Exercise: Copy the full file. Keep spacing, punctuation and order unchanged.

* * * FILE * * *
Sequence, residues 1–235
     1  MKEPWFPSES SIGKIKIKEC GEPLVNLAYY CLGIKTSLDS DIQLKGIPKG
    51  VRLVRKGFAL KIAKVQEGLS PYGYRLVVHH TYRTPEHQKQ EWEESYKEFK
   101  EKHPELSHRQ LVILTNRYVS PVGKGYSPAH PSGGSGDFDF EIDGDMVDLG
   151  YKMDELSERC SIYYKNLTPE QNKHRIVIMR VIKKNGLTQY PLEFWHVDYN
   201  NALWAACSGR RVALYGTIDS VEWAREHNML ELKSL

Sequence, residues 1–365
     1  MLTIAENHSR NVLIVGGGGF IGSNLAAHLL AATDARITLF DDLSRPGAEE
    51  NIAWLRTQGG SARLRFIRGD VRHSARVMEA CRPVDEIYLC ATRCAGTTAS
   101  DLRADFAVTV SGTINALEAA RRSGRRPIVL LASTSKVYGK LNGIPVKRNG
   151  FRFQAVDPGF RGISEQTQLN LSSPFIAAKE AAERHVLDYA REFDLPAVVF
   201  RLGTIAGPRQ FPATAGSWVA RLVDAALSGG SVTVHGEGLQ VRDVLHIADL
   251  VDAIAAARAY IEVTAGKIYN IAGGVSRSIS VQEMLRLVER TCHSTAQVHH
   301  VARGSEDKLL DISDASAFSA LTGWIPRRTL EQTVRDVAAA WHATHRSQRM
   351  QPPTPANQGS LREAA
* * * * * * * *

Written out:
Sequence, residues 1–235
     1  MKEPWFPSES SIGKIKIKEC GEPLVNLAYY CLGIKTSLDS DIQLKGIPKG
    51  VRLVRKGFAL KIAKVQEGLS PYGYRLVVHH TYRTPEHQKQ EWEESYKEFK
   101  EKHPELSHRQ LVILTNRYVS PVGKGYSPAH PSGGSGDFDF EIDGDMVDLG
   151  YKMDELSERC SIYYKNLTPE QNKHRIVIMR VIKKNGLTQY PLEFWHVDYN
   201  NALWAACSGR RVALYGTIDS VEWAREHNML ELKSL

Sequence, residues 1–365
     1  MLTIAENHSR NVLIVGGGGF IGSNLAAHLL AATDARITLF DDLSRPGAEE
    51  NIAWLRTQGG SARLRFIRGD VRHSARVMEA CRPVDEIYLC ATRCAGTTAS
   101  DLRADFAVTV SGTINALEAA RRSGRRPIVL LASTSKVYGK LNGIPVKRNG
   151  FRFQAVDPGF RGISEQTQLN LSSPFIAAKE AAERHVLDYA REFDLPAVVF
   201  RLGTIAGPRQ FPATAGSWVA RLVDAALSGG SVTVHGEGLQ VRDVLHIADL
   251  VDAIAAARAY IEVTAGKIYN IAGGVSRSIS VQEMLRLVER TCHSTAQVHH
   301  VARGSEDKLL DISDASAFSA LTGWIPRRTL EQTVRDVAAA WHATHRSQRM
   351  QPPTPANQGS LREAA